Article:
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All the road's a stage for performers who just want to busk in the glory


Anson Cameron

It's only the street, but to a busker it can be so much more.

ROD Stewart was busking on a railway station when Long John Baldry discovered him. Forty-five years later Stewart saw Amy Belle busking in Ashton Lane in Glasgow and less than a week later Amy was singing a duet with him at a packed and adoring Royal Albert Hall.

When you watch their rendition of I Don't Want To Talk About It on YouTube you have to ask yourself if there is a more beautiful, vulnerable singer on the planet than Amy Belle, her jeans still dirty from the cobblestones, batting her eyes shyly at the miracle.

Tracy Chapman was busking, too, when fame found her. As were the Violent Femmes when the Pretenders found them. These stories of lightning-strike celebrity are what send kids into the city with a milk crate and a guitar.

Pity the busker, convinced each headlong pedestrian might be their Colonel Tom Parker about to raise them off the milk crate and out of anonymity into the Grand Ole Opry of their imagination.

The truth is, on passing a busker we are usually asking ourselves why we have to endure sound-bites of Paul Kelly's finest songs extruded like sausage meat through the yellow teeth and studded lips of a tuneless Mohawk-wearer while we're trying to listen to our phone messages. At the pace most of us are travelling, and at the depth of preoccupation in which we are operating, a busker can only ever hope to offer us a refrain, a short string of notes, perhaps a disconcerting declaration that we are the wind beneath someone's wings or that we feel the earth move under our feet.

It must be dismal to sing to heedless pedestrians. But passing and paying a busker makes as much sense as glimpsing a hood ornament and buying a car. Not even Elvis could sell you a song in the time it takes you to walk on by.

To be static while the audience flows past into its day is to be passed over a thousand times an hour. For them, you are part of a shadow play, ephemeral not individual. Otherwise you represent a ceaseless staccato rejection and your passing is one more wound blithely delivered in this death of a thousand cuts.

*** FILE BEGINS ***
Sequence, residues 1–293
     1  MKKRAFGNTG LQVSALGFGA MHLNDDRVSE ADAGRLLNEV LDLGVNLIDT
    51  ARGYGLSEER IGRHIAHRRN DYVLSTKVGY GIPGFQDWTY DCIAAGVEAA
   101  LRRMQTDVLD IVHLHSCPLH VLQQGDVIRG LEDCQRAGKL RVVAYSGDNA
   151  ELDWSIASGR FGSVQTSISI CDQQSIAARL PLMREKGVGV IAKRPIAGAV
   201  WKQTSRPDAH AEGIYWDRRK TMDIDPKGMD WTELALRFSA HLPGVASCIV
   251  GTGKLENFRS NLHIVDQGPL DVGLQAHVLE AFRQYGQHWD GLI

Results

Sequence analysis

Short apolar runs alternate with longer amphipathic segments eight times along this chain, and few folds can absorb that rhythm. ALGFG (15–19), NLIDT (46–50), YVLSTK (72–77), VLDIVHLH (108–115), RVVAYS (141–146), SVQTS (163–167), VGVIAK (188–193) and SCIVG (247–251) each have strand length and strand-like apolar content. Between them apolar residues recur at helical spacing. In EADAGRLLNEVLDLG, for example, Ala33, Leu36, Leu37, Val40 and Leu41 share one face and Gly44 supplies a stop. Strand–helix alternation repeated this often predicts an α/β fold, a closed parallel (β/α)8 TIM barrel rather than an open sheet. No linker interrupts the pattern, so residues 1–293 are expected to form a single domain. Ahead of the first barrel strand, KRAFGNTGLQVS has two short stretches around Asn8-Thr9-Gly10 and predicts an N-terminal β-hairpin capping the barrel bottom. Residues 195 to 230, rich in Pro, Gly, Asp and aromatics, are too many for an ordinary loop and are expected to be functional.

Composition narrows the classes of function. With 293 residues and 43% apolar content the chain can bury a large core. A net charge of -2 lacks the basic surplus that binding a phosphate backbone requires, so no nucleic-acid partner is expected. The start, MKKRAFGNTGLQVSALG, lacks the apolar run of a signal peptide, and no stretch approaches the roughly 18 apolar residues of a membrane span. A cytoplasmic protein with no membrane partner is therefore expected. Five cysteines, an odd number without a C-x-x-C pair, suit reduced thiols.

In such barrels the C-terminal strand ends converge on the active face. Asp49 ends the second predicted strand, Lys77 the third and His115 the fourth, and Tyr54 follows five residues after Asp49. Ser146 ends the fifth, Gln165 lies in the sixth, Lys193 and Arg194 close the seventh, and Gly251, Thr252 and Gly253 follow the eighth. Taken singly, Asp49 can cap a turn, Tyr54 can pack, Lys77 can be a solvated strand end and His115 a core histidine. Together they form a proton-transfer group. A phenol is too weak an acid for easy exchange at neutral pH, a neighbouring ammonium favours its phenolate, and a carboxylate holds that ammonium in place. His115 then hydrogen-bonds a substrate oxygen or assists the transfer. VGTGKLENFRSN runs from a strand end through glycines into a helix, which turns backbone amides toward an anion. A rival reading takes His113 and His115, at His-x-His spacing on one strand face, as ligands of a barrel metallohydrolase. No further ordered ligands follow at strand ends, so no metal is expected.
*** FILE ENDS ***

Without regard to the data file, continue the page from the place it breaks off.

Of course, many buskers have less music in them than a banker's ablutions. Many of them appear to be beggars forced by city bylaws to retreat into musical pantomime where it's legal to beg. But not everyone is allowed to busk. Did you know the hoop-eared beatbox artist outside Myer has paid a busking fee and got a permit? He has had to perform a five-minute review before the City of Melbourne Busking Panel and show an ability to entertain. As well, strangely, in this land of free speech, he has had to convince the panel his performance does not involve any religious or political issues.

Yes. A Busking Panel. Do they listen to the auditions blind and their chairs swing 180 degrees at the touch of a button? Surely the lord mayor Robert Doyle wouldn't miss out on this opportunity to lounge paunchily like Seal gone to seed while the young beatboxer runs through his repertoire. I see the beatboxer's rhythm catch the lord mayor's toe. It taps. Then his leg wiggles. The wiggling leg of the lord mayor empowers the other panellists and pretty soon they're all grooving, dancing - yeah, dude, you're in.

What kind of Enlightened People's Republic are we trying to build here? Are our buskers Bob Dylan's poets or Bob Doyle's puppets? And what type of groaning loons does the Busking Panel reject if the hellish discordant outside the Swanston Street Maccas gets the nod to perform?

There are good musicians performing on our city streets. Typically, they go through their act as though they are ghosts, their every gesture unseen, their every note unheard.

In 2007, The Washington Post conducted an experiment in which the famous Grammy-Awarded classical violinist Joshua Bell played as an incognito street busker at the Metro station in Washington, DC. Of the 1097 people who passed by, one person recognised him and seven others stopped to listen. In three-quarters of an hour Bell collected $32.17.

I have just given money to a bowler-hatted accordion player with amethyst eyeglasses in Flinders Lane. His playing is good. A Viennese waltz or some such beautiful tangentially repetitious tune. He's chosen to bring his ancient music into the city among the smoking schoolkids and charging suits. That's brave. His name is Harold and he says on a good day he can make 35 bucks an hour. He is comforted to hear he has the same fiscal pull as the great Joshua Bell.

But Harold says he does it for the buzz and to meet people. Buskers aren't looking for money as much as for recognition, affirmation, an audience, adoration, love … a way in. The same stuff Rod Stewart still yearns for every night on stage all these years after he was found on a train station.

Go now and look at Amy Belle, a nymph plucked off cobblestones, and next time you're passing the kid on the crate singing white-breathed into our winter, shorten your step and cock your ear. That kid has an annual permit, and diminishing hope.

Anson Cameron is a Melbourne writer.

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